Ernst and Young forensics table report on SAA procurement investigation

This week Ernst and Young forensics tabled, with the SAA board, its draft report in respect of the procurement investigation at SAA.

This report is the first of a number of investigations that will examine specific areas of the business that will identify reasons for the company’s unprofitable trading.

The report that is currently being studied by the board will be followed by specific action plans to address identified weaknesses. The report and the action plans will also be placed before the Minister of Finance.

Ernst and Young selected a total of 48 contracts across SAA, Air Chefs, Mango and SAAT. The purpose was to identify and, if applicable, quantify the losses caused by failings in either the procurement/contracting phase or implementation phase of the identified contracts.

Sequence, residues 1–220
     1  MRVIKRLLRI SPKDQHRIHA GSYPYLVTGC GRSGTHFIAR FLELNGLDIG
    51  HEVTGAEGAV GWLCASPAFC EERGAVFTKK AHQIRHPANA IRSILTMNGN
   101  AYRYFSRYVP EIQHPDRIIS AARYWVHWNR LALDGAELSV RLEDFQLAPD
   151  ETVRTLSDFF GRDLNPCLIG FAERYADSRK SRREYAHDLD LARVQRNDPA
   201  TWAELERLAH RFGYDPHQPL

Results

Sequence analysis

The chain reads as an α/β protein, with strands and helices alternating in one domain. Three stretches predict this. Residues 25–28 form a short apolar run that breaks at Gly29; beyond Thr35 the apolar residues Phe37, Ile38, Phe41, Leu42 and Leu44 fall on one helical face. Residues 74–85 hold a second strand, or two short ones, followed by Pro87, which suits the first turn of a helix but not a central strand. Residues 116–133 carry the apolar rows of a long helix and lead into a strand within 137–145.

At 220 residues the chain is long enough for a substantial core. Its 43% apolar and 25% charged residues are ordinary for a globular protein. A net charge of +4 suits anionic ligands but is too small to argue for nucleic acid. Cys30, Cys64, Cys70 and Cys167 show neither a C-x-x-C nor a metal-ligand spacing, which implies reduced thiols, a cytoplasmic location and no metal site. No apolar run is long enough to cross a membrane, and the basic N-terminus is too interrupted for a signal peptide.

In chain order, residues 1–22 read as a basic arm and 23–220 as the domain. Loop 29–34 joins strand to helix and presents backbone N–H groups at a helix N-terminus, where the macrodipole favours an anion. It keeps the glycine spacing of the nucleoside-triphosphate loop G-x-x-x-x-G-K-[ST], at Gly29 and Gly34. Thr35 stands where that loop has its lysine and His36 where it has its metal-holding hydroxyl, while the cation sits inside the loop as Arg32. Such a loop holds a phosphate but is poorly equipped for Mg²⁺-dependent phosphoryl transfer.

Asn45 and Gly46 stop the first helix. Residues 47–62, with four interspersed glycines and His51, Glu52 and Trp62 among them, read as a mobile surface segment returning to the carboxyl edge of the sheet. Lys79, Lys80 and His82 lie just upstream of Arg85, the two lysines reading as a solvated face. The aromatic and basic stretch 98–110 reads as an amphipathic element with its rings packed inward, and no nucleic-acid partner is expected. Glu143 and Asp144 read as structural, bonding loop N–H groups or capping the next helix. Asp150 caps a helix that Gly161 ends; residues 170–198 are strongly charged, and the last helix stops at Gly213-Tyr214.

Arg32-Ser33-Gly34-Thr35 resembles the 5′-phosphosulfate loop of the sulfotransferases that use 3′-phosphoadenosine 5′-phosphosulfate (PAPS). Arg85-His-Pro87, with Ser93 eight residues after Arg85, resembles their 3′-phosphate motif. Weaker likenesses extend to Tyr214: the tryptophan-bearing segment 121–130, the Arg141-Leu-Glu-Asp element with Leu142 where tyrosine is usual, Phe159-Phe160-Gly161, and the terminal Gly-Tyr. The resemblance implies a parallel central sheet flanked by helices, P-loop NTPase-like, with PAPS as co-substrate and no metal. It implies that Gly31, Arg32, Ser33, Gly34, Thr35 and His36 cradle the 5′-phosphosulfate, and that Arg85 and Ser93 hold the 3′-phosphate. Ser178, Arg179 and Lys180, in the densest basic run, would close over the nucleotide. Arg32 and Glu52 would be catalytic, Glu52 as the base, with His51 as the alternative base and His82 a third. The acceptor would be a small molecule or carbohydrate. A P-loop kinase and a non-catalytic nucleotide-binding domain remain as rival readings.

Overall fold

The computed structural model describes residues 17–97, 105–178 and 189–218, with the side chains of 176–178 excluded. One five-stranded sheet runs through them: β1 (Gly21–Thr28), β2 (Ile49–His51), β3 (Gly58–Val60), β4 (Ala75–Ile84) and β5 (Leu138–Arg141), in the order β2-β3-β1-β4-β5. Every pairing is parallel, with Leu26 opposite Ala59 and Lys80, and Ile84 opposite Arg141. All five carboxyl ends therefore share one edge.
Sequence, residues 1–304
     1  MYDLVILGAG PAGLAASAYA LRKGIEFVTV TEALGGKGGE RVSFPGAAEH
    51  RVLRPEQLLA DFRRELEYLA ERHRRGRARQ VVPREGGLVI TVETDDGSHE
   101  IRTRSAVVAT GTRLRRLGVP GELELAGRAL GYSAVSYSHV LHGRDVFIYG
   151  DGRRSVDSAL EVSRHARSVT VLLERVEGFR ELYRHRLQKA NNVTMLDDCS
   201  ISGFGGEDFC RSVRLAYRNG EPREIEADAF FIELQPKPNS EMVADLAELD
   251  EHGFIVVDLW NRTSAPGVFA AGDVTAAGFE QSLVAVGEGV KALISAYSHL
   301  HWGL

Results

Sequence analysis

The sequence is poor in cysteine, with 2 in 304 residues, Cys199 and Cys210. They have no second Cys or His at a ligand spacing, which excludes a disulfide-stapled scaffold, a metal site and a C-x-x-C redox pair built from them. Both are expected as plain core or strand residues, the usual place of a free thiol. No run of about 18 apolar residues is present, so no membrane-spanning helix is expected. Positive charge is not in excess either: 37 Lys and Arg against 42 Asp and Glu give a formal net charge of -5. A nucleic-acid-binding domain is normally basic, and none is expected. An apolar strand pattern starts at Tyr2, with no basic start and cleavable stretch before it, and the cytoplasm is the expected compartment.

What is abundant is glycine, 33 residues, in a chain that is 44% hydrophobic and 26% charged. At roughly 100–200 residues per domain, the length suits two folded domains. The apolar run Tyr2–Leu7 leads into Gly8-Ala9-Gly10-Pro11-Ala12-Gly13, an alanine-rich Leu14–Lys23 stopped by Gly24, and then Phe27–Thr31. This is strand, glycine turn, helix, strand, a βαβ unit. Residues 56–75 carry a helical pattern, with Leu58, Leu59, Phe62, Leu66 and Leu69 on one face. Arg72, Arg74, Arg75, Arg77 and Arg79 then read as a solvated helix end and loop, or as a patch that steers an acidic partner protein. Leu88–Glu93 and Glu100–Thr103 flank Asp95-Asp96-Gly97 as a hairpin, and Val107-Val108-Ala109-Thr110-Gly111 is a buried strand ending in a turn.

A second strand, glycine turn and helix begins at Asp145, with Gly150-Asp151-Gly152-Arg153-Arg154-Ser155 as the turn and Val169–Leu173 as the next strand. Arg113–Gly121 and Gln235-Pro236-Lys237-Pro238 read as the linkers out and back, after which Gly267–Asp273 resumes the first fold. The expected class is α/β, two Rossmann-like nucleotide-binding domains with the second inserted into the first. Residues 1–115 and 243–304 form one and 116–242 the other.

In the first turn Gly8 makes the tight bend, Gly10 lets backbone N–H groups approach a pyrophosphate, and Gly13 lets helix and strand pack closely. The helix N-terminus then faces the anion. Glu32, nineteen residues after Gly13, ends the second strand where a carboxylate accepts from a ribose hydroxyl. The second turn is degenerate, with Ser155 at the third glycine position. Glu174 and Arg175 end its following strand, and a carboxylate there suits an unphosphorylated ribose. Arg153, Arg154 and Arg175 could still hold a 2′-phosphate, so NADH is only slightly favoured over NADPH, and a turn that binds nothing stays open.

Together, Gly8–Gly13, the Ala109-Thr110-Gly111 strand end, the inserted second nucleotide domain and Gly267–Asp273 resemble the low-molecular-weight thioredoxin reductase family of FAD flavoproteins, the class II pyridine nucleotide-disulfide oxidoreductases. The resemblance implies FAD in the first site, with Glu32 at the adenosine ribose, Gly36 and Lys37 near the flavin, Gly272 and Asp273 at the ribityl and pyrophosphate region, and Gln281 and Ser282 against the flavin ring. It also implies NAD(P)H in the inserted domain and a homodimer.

The 48 contracts represent a significant portion of the largest contracts with SAA. The report shows that 28 of these 48 contracts (60%) are improperly negotiated, poorly contracted or weakly managed. A logical deduction must be that if these (many of which are the largest contracts awarded) suffer these weaknesses then the bulk of the smaller contracts will at least suffer as badly, if not worse.

Potentially 60% of SAA’s total procurement could be in one way or another subject to weak business controls. This must lend itself to some idea as to why the airline makes such large losses.

The board has asked the question of management (particularly the financial executives) how it takes an external Ernst and Young investigation to identify these while management itself has not.

These questions are relevant to the financial media which tend to report favourably on press leaks by internal “sources” as though these sources are entirely reliable. The media might wish to consider whether these leaks are questionable.

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